Cornwall Wildlife Corridor Project

A primary focus of the Conservation Commission’s advocacy work is the support of the town’s wildlife population. In the context of Cornwall’s fragmented landscape, the long-term survival of larger mammals depends upon their ability to move with safety between the town’s core forest blocks, wetlands, and other natural areas. Maintaining the connectivity linkages between them is critically important.

For several years the Commission has gathered information, mostly anecdotal, about the movement of larger mammals between the town’s forest blocks, including where they cross town roads. We felt that field verification of these routes was a necessary next step and decided on trail cameras as the preferred method of documentation. With funding support from AVCC, the town, and individual donors, we now have six cameras capturing data. Residents have been invited to participate in the project, either by hosting a camera on their property or by adding observational data from privately-owned cameras.

Over a period of three years, it is our plan to rotate cameras through the habitat areas in the town that have been identified through ANR GPS mapping, the 2015 Cornwall Ecological Inventory, and first-hand reports of frequent wildlife sightings. The first four cameras were set out in May 2020. In two of the initial placements, use by a wide range of animals, including larger predators (bobcats and coyotes) has been ongoing and we have left these cameras in place, recording their stories of constancy and change through the seasons. The other cameras, now four in number, have been moved on a bimonthly basis, leaving them long enough to make a preliminary assessment of the area’s wildlife.

Camera disks are switched on a monthly basis. The disks are reviewed and the data of all sightings is recorded on an Excel Spreadsheet. It includes the following information: location, animal type, number, date, and time. Additional details and pictures may be attached to the observation. Camera photos are also copied to an external hard drive.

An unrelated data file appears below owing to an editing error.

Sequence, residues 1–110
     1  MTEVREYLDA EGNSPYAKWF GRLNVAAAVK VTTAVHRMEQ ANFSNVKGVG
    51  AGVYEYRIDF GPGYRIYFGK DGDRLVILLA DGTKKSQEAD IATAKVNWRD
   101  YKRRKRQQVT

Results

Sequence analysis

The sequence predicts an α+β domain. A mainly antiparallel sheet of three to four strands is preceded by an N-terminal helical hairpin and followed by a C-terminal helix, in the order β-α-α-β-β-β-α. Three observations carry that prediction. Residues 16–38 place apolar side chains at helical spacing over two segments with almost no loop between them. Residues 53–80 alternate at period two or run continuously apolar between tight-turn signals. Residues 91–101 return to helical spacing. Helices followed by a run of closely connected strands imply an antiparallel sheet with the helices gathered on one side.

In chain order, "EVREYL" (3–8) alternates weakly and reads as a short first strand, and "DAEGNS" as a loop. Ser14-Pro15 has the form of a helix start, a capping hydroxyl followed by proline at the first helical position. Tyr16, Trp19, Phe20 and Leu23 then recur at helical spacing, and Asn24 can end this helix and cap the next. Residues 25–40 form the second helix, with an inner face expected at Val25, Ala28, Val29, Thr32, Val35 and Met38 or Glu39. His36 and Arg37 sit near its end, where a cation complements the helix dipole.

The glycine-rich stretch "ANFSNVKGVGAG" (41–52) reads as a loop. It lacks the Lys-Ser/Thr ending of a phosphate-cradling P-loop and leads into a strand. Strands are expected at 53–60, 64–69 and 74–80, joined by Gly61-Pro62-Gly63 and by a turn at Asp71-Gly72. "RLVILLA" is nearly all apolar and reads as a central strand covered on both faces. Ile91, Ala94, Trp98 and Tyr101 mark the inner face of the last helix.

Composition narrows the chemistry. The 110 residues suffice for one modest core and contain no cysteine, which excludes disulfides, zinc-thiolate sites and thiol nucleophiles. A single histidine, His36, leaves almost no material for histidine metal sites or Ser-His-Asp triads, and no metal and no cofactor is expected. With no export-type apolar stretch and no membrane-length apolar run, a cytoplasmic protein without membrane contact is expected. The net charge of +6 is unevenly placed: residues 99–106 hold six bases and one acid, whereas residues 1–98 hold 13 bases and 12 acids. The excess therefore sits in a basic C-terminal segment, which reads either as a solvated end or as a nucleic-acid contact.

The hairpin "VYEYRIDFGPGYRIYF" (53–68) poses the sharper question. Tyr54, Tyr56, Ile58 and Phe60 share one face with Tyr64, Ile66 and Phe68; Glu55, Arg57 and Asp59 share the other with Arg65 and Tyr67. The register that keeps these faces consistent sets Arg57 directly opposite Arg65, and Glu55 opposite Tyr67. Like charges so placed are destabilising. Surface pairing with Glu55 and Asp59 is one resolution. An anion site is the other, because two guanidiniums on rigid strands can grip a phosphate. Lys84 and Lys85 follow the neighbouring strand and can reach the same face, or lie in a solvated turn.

Project updates are posted in Cornwall town newsletters and on the town website in order to enlist support of residents. For people who have trail camera observations to share, we are creating a special project page in iNaturalist where wildlife pictures from their property can be shared. This information will be also be added to the project.

When a baseline of documentation across the town has been collected, a special focus of the project will then turn to the documentation of where animals are frequently crossing town roads, posing a danger to themselves and to passing cars.

The project’s long-range goal is the creation of a data bank of information that can be referred to in the Commission’s review of development applications, in town planning, in conversations with landowners, and in road safety mitigation efforts.

Project Contact: Mary Dodge
Project Contact Email:
Year Project Started: 2020
Year Completed: 2023
Project Lifespan: 2020-ongoing
Regional Planning Commision: Addison County Regional Planning Commission
Larger Geography: N/A
Other Keywords: Inventory, land protection, partnerships, citizen science
Project Accomplishments:

The Project is a multi-year endeavor. The results to date include the following: